You are always fighting the tactics used the time before and the terrorists understand this.They will quickly adapt to any situation and have nothing but time on their hands scheming these attacks. So to try to appease them with talk now will not make them play nice later, they will take advantage of it.

burntbonez's avatar

@woodcutter Don’t people act based on their expectations? If they were expecting this kind of response, surely they would have killed as many hostages as possible as soon as possible. Now they know for sure there is no hope. They might as well kill as much as they can if they do this again. So now there is no hope for future hostages.

It’s like 9/11. The first planes ended up in the twin towers and the Pentagon. The hostages on the fourth plane had a chance to find out what happened and they realized they were on a one way trip to a major target. As a result, they were willing to sacrifice themselves to bring the plane down before they could hit the target.

They would never have done that if they thought it was hostage taking as usual—holding hostages for some form of ransom. Now we know the Algerians won’t play the ransom game. Now we know the hostages are dead as soon as they are taken.

The West understands this now, and will act accordingly. I don’t know what they will do, but I hope they will take quick action to save lives before the Algerians do anything.

woodcutter's avatar

@burntbonez However if they fully expect to be bargained with using people as chips they will be enticed to do these over and over. When will it end? Their demands will get more outlandish each time because they will feel they have the negotiators over a barrel. And still they will retain their option to kill. If anyone ever finds themselves taken hostage by these types they should assume they are going to be toast either way because a rescue will not be perfect but there is a chance some will survive.

burntbonez's avatar

Hard to know, @woodcutter. There’s a great deal of uncertainty. We need hostages to act as if they have hope for the future in order to delay hostage deaths. We need time to develop an intervention. The idea that we might negotiate buys time. The reality that we never negotiate will mean there is no time at all. It changes the game, and not in a way that helps future hostages.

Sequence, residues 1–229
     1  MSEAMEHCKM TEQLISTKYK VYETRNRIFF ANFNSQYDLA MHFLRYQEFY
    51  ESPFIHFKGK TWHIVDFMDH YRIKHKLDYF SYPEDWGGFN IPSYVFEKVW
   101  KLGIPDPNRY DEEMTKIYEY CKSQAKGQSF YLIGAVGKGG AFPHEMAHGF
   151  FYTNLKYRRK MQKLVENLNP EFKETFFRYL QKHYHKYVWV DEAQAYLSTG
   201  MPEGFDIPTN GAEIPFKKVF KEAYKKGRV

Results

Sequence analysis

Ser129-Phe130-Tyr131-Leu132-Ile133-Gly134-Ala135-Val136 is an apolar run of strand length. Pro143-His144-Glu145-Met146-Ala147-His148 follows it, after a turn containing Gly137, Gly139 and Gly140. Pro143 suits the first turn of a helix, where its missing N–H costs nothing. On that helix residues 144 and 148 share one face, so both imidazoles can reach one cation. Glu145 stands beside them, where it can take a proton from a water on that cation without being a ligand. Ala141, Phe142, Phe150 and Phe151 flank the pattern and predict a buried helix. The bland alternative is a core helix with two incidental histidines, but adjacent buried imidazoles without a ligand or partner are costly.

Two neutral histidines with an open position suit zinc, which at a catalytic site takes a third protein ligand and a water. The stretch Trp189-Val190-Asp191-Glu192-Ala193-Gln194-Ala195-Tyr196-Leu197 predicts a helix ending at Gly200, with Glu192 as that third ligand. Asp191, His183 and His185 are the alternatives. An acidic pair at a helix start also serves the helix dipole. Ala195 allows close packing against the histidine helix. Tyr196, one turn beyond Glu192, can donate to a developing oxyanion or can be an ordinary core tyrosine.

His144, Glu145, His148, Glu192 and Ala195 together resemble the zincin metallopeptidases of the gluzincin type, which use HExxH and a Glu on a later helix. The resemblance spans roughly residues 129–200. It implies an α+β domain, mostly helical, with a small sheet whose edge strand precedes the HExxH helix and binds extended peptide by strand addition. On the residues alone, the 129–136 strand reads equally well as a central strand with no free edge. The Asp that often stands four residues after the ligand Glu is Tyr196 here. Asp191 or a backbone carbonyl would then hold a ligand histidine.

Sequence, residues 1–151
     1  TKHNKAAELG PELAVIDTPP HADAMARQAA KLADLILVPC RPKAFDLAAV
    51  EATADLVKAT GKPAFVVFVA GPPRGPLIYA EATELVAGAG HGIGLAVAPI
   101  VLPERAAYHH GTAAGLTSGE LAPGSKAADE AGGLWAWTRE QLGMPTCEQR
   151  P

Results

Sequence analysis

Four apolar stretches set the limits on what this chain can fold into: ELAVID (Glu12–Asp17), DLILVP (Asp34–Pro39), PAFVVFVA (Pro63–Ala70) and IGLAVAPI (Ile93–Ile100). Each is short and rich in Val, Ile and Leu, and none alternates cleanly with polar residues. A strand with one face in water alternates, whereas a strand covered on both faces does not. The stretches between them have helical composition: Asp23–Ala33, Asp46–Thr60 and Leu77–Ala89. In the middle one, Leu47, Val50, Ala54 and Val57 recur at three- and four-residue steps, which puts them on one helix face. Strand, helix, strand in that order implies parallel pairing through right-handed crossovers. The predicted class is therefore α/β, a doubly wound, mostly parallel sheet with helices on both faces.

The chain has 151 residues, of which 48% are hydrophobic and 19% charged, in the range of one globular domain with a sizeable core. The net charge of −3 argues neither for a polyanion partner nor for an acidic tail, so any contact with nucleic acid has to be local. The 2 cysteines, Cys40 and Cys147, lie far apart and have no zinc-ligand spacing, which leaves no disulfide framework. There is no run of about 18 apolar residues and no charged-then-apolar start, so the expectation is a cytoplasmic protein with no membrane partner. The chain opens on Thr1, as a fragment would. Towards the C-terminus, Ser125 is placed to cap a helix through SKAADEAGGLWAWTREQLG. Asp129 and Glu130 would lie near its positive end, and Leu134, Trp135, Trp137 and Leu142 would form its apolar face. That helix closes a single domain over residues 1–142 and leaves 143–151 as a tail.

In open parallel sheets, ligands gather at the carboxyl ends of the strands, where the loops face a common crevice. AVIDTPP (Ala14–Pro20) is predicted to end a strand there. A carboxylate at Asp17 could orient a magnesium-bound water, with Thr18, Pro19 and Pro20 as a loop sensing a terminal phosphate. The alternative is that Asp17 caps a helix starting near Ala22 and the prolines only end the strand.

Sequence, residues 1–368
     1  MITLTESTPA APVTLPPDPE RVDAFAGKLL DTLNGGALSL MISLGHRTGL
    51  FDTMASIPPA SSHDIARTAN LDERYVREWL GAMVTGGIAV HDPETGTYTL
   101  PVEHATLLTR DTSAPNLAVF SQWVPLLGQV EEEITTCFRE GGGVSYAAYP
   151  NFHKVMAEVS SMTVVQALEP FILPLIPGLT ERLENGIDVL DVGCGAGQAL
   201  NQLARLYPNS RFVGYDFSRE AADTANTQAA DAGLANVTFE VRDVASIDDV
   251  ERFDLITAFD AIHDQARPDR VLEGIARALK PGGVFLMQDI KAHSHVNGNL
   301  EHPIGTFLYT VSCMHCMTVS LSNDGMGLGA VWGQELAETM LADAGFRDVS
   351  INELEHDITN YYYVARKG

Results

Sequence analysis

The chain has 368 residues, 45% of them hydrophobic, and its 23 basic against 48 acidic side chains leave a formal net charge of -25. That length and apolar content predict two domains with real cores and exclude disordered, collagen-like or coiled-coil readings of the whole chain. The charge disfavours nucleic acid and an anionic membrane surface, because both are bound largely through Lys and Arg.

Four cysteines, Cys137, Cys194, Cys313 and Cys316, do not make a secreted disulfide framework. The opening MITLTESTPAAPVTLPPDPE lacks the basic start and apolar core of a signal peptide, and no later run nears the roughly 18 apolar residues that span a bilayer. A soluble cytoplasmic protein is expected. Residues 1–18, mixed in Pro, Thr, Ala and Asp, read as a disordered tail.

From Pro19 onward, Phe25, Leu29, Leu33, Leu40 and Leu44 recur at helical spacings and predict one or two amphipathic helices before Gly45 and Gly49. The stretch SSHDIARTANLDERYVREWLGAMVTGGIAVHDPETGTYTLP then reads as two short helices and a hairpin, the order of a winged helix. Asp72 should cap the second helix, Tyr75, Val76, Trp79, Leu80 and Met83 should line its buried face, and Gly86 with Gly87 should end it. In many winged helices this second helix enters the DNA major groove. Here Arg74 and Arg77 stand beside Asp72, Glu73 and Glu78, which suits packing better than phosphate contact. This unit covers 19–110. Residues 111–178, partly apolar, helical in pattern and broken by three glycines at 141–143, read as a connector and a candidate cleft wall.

If you find yourself in a hostage situation, you better assume you are toast, and take your own action right away. But that leaves you even less time, and your chances of success go down significantly.

mattbrowne's avatar

When the Islamist started executing hostages, making phone calls to the UK and other countries would have taken too long.

rojo's avatar

“Why did they take hostages?” As I understand it this particular group has made BeauCoup money ransoming hostages in the past and that is why they can afford the weapons, explosives other supplies and ability to finance their next mission. It is probably fair to assume that this is what they were planning with this group. By attacking without bargaining or negotiations the Algerians have let it be known that this tactic will no longer be effective. Is this good or bad?
It could mean that these groups will no longer see a need for hostages and will simply kill those who are in their way but what will this accomplish for them in the long run or it could mean they will have to look toward some other means of financing their operations that does not include hostages?
I have mixed feelings on this.

ETpro's avatar

@rojo Yeah, well 32 terrorist won’t do this or anything else again. And their leader and key members will soon be joining them. I do not think you can succeed on satisfying radical Islamist terrorists by appeasing them or negotiating with them. I realize the blood we in the West have on our hands, and the fact our own actions have encouraged the current climate of hate. But we don’t have a time machine to let us fix that. We must now deal with the situation as it is today.

mattbrowne's avatar

The Muslims in Mali are among the most tolerant Muslims in the whole of Africa. The Islamists want to end this kind of tolerance and establish a system of theocratic fascism based on hatred. This is why France intervened in Mali, to preserve goodness. The hostage takers took revenge for the intervention.